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Inicio Enfermedades Infecciosas y Microbiología Clínica (English Edition) Reply to “Implementation of molecular techniques for diagnosis of mumps”
Journal Information
Vol. 37. Issue 1.
Pages 67-68 (January 2019)
Vol. 37. Issue 1.
Pages 67-68 (January 2019)
Letter to the Editor
DOI: 10.1016/j.eimce.2018.05.008
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Reply to “Implementation of molecular techniques for diagnosis of mumps”
Respuesta a «Implementación de técnicas moleculares para el diagnóstico de parotiditis epidémica»
Juan Carlos Sanza,b,
Corresponding author

Corresponding author.
, Aurora Fernández-Garcíab,c, Juan Emilio Echevarríab,c, Fernando de Oryb,c
a Laboratorio Regional de Salud Pública de la Comunidad de Madrid, Madrid, Spain
b Programa de Prevención, Vigilancia y control de las Enfermedades Transmisibles (PREVICET), Consorcio de Investigación Biomédica de Epidemiología y Salud Pública (CIBERESP), Madrid, Spain
c Laboratorio Nacional de Referencia de Parotiditis, Centro Nacional de Microbiología (CNM), Instituto de Salud Carlos III (ISCIII), Madrid, Spain
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Dear Editor,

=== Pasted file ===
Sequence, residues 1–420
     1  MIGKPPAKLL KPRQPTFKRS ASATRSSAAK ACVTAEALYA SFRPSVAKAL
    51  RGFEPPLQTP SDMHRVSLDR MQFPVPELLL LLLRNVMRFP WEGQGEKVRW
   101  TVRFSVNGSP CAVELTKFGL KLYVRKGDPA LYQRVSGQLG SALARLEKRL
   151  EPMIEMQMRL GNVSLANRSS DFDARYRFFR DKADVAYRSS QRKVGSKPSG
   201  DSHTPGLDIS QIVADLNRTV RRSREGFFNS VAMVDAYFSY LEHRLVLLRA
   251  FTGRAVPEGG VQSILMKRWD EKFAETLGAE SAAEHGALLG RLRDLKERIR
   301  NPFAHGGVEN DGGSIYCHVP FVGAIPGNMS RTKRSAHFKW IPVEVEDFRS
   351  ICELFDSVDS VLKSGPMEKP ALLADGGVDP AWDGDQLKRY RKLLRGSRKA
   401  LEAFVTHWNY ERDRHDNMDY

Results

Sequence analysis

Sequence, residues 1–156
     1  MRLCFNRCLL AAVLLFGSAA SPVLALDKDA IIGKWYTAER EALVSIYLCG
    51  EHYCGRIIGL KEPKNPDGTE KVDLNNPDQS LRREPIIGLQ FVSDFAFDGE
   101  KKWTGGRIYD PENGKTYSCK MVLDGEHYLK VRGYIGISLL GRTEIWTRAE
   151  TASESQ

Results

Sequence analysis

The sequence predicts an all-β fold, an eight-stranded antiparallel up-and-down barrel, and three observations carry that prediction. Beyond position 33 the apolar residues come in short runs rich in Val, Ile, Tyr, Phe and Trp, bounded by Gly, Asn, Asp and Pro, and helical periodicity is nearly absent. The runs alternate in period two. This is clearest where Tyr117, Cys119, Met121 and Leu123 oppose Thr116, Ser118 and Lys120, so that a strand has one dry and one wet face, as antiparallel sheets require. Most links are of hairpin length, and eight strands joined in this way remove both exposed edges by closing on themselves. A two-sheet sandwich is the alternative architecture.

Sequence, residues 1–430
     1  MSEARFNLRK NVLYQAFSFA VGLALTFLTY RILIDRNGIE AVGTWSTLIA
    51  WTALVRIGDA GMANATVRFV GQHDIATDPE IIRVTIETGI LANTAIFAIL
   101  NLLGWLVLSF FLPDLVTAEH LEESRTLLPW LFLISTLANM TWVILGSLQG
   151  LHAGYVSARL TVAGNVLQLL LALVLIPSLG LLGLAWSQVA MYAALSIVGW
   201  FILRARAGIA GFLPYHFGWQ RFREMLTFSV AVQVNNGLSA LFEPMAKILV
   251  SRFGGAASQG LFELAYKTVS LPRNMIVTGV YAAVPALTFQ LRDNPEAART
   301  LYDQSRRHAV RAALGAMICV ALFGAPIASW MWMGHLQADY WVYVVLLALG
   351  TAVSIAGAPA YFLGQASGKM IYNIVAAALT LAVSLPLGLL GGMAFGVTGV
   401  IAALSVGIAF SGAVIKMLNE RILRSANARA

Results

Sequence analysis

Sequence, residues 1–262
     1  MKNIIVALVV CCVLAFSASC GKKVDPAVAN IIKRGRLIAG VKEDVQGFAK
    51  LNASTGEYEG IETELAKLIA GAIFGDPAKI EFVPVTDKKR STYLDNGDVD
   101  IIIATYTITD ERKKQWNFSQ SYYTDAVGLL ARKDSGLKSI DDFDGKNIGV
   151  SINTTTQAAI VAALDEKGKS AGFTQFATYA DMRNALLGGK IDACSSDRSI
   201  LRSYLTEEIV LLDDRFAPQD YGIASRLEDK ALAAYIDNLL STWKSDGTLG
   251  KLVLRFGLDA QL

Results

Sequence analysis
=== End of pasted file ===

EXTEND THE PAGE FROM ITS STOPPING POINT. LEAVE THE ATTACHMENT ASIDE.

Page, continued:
We were pleased to find that the results provided by Navalpotro Rodríguez et al.1 coincide with our data which were published recently in the EIMC journal.2 In their study, more than two-thirds of IgM-negative mumps cases—which obtained positive results with a Real-Time Polymerase Chain Reaction (RT-PCR)—showed elevated specific IgG levels (understood to be above the measurement limit of the chemiluminescence technique employed).1 Unlike what happens with the other components of the MMR vaccine, in those that have international units of IgG (mIU/ml for measles and IU/ml for rubella), which enable the comparison of serological results from different studies,3 in the case of mumps there is no standard serum that can be referred to in international units.4 Moreover, the quantitation of IgG is expressed in terms of titres or arbitrary units relating to the techniques used.1,2 Furthermore, the difficulties regarding the standardisation of quantitation methods for IgG in mumps4 may hinder the comparison of data provided by different laboratories.5 The fact that approximately a quarter of the cases which are negative with RT-PCR will also present a high degree of positivity, can perhaps be partly explained by the trend in the results obtained by laboratory tests for the diagnosis of mumps. RT-PCR techniques prove more sensitive in the early phases, following the onset of symptoms6,7 but may come back negative as the infection advances. Thus, a negative RT-PCR result (in the late stages) does not definitively rule out infection. IgM detection improves from the second week, but lacks sensitivity in the vaccinated population.6,7 Identifying elevated levels of specific IgG may increase this sensitivity. However, raised IgG levels may of course not prove too specific. The current Spanish vaccination schedule involves administering two doses of the MMR vaccine at 12 months and 3–4 years of age. Between 2007 and 2016, vaccination coverage in older children was sustained at 95% with the first dose and 90% with the second dose.8 In our field, the levels of seroprevalence against mumps in young adults are approaching 90%.9 However, despite this, mumps continues to appear in a cyclic presentation in Spain.10 The emergence of periodic epidemic waves may lead to a “booster” effect in vaccinated individuals which prompts a raise in specific antibody levels after coming into contact with circulating wild-type viruses. We wholeheartedly agree with the authors that the implementation of RT-PCR on saliva samples is currently the best method for confirming mumps cases in our field. Serology may continue to be of interest in unvaccinated groups, in the conduct of epidemiological studies and in special circumstances where it was not possible to obtain samples in the early phases of the disease.